Same as the one-variable data table, this data table is also dynamic. Here, you can change the formula in cell **F4** to refer to another cell (such as **gross profit**). Or, you can enter some different values for **Response Rate** and **Number Mailed**.

**Read More:** **How to Change Chart Data Range in Excel (5 Quick Methods)**

### 2. Making Two Variable Data Table of Loan Payment

Here, we will demonstrate another example of creating a **two variable data table** for** loan payment** in Excel. Furthermore, for the data table firstly we will calculate the** Monthly Payment**.

- Firstly, select a different cell
**C12**where you want to**calculate**the**Monthly Payment**. - Secondly, use the corresponding formula in the
**C12**cell.

`=PMT(C8/12,C7,-C11)`

- Subsequently, press
**ENTER**to get the result.

At this time, you can see the amount of the **Monthly Payment**.

**Formula Breakdown**

Here, we have used the** PMT** function which calculates the payment based on a loan with a constant interest rate and regular payment.

- Firstly, in this function,
**C8**denotes the annual interest rate of**5.25%**. - Secondly,
**C7**denotes the total payment period in terms of the month which is**220**. - Thirdly,
**C11**denotes the present value which is**$400,000**.

Now, the following figure shows the setup of a** two-variable data table** that summarizes the** monthly payment** at various combinations of **Interest Rate **and **Down Payment Percentage**.

- Now, enter the
**Down Payment Percentage**in**G4: J4**. - Then, insert the
**Interest Rate**in**F5: F13**. - After that, select the data range
**F4:J13**. - Then, from the
**Data**tab >> go to the**What-If Analysis**command. - Finally, choose the
**Data Table**option.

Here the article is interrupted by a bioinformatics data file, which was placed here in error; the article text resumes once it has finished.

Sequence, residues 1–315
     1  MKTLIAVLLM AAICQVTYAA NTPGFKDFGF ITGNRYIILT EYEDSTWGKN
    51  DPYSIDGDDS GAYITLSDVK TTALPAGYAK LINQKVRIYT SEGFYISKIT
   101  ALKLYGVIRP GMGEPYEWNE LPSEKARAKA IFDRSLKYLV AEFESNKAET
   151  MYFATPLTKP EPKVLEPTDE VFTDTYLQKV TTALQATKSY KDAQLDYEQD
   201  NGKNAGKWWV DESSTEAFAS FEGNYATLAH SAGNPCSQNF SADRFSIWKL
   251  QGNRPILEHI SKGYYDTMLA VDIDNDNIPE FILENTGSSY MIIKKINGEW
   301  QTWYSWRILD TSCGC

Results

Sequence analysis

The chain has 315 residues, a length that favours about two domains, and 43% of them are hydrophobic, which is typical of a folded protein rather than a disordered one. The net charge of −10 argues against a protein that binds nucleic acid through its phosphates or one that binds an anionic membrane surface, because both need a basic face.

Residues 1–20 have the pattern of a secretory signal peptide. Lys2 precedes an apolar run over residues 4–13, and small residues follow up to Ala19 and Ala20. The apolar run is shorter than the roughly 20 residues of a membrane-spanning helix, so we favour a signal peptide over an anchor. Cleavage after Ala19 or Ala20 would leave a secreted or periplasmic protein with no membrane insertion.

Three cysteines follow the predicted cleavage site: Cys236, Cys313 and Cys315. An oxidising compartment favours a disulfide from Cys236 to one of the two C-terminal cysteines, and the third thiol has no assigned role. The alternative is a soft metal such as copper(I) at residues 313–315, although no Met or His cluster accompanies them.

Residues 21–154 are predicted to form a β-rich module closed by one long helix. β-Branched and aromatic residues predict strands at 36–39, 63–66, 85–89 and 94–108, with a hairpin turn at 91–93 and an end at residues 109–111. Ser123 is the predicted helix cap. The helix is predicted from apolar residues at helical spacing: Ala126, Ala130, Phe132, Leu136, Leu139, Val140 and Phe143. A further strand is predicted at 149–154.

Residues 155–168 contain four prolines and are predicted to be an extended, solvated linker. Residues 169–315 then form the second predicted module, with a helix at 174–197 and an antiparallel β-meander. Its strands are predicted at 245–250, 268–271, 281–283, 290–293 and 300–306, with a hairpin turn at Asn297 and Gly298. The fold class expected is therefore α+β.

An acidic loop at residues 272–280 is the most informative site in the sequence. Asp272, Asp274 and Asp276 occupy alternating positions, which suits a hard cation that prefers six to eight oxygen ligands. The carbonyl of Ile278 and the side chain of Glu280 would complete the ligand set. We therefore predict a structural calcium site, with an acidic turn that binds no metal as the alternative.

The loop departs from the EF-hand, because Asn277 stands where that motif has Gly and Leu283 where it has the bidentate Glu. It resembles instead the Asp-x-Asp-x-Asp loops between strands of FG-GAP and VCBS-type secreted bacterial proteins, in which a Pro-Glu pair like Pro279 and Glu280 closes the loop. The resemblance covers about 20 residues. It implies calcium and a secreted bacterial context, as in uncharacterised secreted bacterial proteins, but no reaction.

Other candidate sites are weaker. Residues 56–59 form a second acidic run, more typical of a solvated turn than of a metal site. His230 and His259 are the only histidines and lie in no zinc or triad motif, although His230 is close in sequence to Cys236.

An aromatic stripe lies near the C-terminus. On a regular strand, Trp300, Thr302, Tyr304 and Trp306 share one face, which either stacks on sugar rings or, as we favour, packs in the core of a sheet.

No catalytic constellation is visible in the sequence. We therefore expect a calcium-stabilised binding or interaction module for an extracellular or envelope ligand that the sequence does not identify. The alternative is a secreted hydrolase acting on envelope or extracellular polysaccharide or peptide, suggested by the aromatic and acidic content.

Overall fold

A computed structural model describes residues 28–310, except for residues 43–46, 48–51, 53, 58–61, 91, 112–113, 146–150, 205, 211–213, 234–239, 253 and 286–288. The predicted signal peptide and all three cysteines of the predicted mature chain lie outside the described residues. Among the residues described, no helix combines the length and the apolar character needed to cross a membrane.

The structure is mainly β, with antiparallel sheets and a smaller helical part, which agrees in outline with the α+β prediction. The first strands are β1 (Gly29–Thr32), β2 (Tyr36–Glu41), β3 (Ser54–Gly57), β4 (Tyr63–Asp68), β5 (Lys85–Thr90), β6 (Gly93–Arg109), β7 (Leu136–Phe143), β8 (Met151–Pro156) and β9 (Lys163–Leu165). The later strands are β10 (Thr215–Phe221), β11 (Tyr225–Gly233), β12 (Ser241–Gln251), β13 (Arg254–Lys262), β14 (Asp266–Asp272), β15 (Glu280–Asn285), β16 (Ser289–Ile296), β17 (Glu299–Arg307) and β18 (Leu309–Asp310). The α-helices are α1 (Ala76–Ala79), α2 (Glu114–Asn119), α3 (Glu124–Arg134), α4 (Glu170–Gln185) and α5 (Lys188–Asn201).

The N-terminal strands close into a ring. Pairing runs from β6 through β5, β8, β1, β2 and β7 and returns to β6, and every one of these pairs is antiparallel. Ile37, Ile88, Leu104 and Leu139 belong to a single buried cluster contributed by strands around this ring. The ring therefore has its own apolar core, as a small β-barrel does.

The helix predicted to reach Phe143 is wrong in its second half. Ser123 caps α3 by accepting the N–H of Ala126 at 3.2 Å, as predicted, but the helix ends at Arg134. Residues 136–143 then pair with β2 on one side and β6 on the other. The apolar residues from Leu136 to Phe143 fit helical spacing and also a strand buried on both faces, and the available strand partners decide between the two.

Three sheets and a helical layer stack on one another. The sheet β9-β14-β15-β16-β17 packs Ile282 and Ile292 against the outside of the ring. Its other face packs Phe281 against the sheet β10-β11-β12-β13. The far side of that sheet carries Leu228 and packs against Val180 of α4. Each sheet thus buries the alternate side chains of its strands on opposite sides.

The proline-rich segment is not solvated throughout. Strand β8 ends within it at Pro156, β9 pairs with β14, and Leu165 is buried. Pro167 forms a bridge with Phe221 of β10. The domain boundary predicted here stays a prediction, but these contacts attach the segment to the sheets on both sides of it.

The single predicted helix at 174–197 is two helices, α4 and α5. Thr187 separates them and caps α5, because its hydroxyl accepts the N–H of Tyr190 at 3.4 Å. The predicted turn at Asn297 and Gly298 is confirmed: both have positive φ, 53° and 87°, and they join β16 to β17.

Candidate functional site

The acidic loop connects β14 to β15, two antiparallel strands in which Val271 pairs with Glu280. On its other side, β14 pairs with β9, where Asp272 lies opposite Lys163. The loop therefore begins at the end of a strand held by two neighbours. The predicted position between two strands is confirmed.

At this time, the **Data Table** dialog box will appear.

- Now, specify
**C6**as the**Row input cell**(the**Down Payment**). - After that, select cell
**C8**as the**Column input cell**(the**Interest Rate**). - Finally, click
**OK**.

Here, as you can see, Excel fills in the data table.

Lastly, we have highlighted the cells that contain the target **monthly payment**.

**Read More:** **Data Table Not Working in Excel (7 Issues & Solutions)**

### 3. Creating Two Variable Data Table of Future Value

Here, we will demonstrate another example of creating a **two variable data table** for** Future Value** in Excel. Furthermore, for the data table firstly we will calculate the** Future Value**.

- Firstly, select a different cell
**C12**where you want to**calculate**the**Future Value**. - Secondly, use the corresponding formula in the
**C12**cell.

`=FV(C8/12,C6*C7,-C5)`

- Subsequently, press
**ENTER**to get the result.

At this time, you can see the amount of the **Future Value**.

**Formula Breakdown**

- Here, the
**FV**function will return a**Future Value**of the periodic investment. - Now,
**C8**denotes the**Annual Interest Rate**. - Then,
**C6**denotes the total time period as**Year**. - Finally,
**C5**denotes the monetary value which you are paying at present.

Now, we will create a** two-variable data table** that summarizes the** Future Value** at various combinations of **Interest Rate **and **Number of Years**.

Here, we have attached the final data table.

**Read More:** **Example of Excel Data Table (6 Criteria)**

## Conclusion

We hope you found this article helpful. Here, we have explained **3** suitable examples to create a **Two Variable Data Table** in Excel. You can visit our website **ExcelDemy** to learn more Excel-related content. Please, drop comments, suggestions, or queries if you have any in the comment section below.

I Have been following your Data analysis articles such as how to create variable tables. I just downloaded the lessons because of the nature of my work as a journalist.

Now that I have started actually studying them, I found your method of teaching worth commending. They are just what you termed them, “step by step” and they are actually straight to the point, easy to follow, easy to understand.

I also want to thank the owner of trumpexcel.com/excel website who directed my attention to your web when I was studying his 100 excel questions series.

Your work is really commendable.

Thanks.

Uche Uche.

Thanks for your feedback, Uche Uche.

Feeling happy to know that you found the articles helpful.

Best regards

Kawser Ahmed